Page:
The EU’s Digital Decade envisages full 5G or 5G equivalent coverage by 2030, which means ensuring digital inclusion for all European citizens and businesses no matter where they are. The important question is how do we deliver on that vision? Meeting the 2030 targets requires powerful cellular networks in rural and dense areas, yet analysts agree that there is a multi-billion Euro investment gap, which recovery funding alone will not address.
On 19 October, the GSMA convened key EU policy and industry decision-makers for its #GSMAConnected series event “European Spectrum Policy for the Digital Decade” to discuss how the mobile industry and spectrum policy can help deliver this ambitious digital vision. Kyriakos Baxevanidis, Head of the Radio Spectrum Policy Unit at DG Connect, provided opening remarks. Among the key topics discussed were 5G investment in the EU including the funding gap, spectrum availability and pricing, how to ensure digital inclusion for all European citizens and businesses and the proposal for a new Radio Spectrum Policy Programme (RSPP), which is planned for next year.
Key highlights from the event
- The global pandemic placed a spotlight on connectivity and reminded us that advanced telecom networks are essential. The current energy crisis is a further reminder of how resilient infrastructure can make a difference in times of crisis and cannot be taken for granted.
- Research by BCG for the GSMA estimates that a “full 5G vision” would require tripling yearly capex by 2025-2027, compared with existing levels. There is a need to consider if EU operators are in a position to invest at these levels and whether the right incentives for heavy long-term investment are in place.
- A comparison with other developed regions (North America, developed Asia Pacific) shows a gap in all relevant metrics, not only from the perspective of operators (revenues per pop and profitability), but also from the perspective of end users (less capex per pop and less broadband consumption).
- There are several interrelated but equally important aspects for the overall regulatory and policy landscape to enable delivery of the Digital Decade, but it is clear that spectrum policy will have a key role to play.
- In view of the Commission’s planned legislative proposal on a new RSPP next year, issues such as roadmaps and planning, 6G, comprehensive monitoring, measures to assess effectiveness and best practice guidance need to be considered. In addition, spectrum availability, license duration, renewals and spectrum pricing will be key.
- 5G investment in the EU by Javier Domínguez Lacasa, Head of Spectrum Policy and Regulatory Intelligence, Telefónica, and Chair of Frequencies Operator Expert Group, GSMA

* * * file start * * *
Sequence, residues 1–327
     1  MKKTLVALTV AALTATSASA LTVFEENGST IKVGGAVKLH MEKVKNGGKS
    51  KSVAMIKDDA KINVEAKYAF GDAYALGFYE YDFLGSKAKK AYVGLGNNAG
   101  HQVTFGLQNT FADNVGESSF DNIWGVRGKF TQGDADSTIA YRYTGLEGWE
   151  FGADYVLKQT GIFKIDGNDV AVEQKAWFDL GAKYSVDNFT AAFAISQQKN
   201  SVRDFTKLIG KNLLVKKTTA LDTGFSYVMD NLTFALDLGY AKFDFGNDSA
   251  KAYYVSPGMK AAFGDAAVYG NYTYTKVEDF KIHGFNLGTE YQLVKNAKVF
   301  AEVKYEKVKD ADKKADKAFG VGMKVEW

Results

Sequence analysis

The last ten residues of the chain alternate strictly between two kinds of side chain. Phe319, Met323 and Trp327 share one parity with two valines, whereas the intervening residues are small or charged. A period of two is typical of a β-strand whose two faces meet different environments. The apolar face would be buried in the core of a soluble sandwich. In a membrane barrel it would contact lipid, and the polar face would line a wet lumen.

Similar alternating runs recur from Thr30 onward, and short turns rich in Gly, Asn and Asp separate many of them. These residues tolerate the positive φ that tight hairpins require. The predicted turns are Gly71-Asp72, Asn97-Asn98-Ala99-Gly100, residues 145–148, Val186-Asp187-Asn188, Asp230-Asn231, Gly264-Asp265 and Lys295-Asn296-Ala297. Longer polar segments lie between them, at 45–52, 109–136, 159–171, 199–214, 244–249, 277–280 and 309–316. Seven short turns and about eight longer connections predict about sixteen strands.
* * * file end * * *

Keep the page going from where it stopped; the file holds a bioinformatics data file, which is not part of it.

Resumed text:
- Spectrum policy requirements by Ross Bateson, Special Advisor, Spectrum, GSMA
- EU investment climate by Harald Gruber, Head of Digital Infrastructure Division, Projects Directorate, European Investment Bank
Available resources on the topic
- Vision 2030: Low-Band Spectrum for 5G: Low-band spectrum is the cornerstone of digital equality and a driver of broad and affordable connectivity. This analysis examines why governments and regulators must take a fresh look at the need for additional sub-1 GHz spectrum to deliver 5G.
- Vision 2030: Insights for Mid-band Spectrum Needs: Mid-band spectrum is especially important as it offers a good mixture of coverage and capacity for 5G. This report presents the GSMA’s vision for how much mid-band spectrum mobile operators will require between 2025 and 2030 and provides some options for operators to meet this demand.
- Vision 2030: mmWave Spectrum Needs: Access to mmWave frequencies will alllow the full potential of 5G to be realised: lightning-fast download speeds, huge capacity and the lowest latencies. This report looks at the estimated high-band spectrum needs in the 2025 -2030 time frame.
Why is Mid-Band Spectrum Crucial to Economic Growth in Europe?
#GSMAConnected Series: Small scale Big impact
This event is part of #GSMAConnected Series of Events (formerly Mobile Meetings Series). These are small-scale, invitation-only meetings that provide a setting to explore, from broader stakeholder’s perspective, EU policy issues that are central to the development of the mobile industry.
For more information please contact
Director, Spectrum, GSMA
As Senior Manager for Spectrum, Emma leads on GSMA Europe’s efforts to represent the mobile industry on European spectrum policy, helping to develop and deliver an advocacy agenda that ensures mobile operators have timely and affordable access to appropriate spectrum.
An Economist by training, Emma has experience in academic research as well as a corporate and regulated company environment and is specialised in telecommunications regulation, market and policy analysis.
Emma has extensive experience working on a broad range of telecoms regulatory and public policy issues having previously worked as the in-house Regulatory Economist and EU-level representative for the former Irish incumbent, Eir.
Prior to joining GSMA in 2021, Emma also worked as a Senior Analyst with Cullen International, monitoring and reporting on EU and national telecoms and spectrum policy developments.
Emma holds a MSc in Economics and Policy in addition to a Bachelor of Commerce (International) from the National University of Ireland Galway.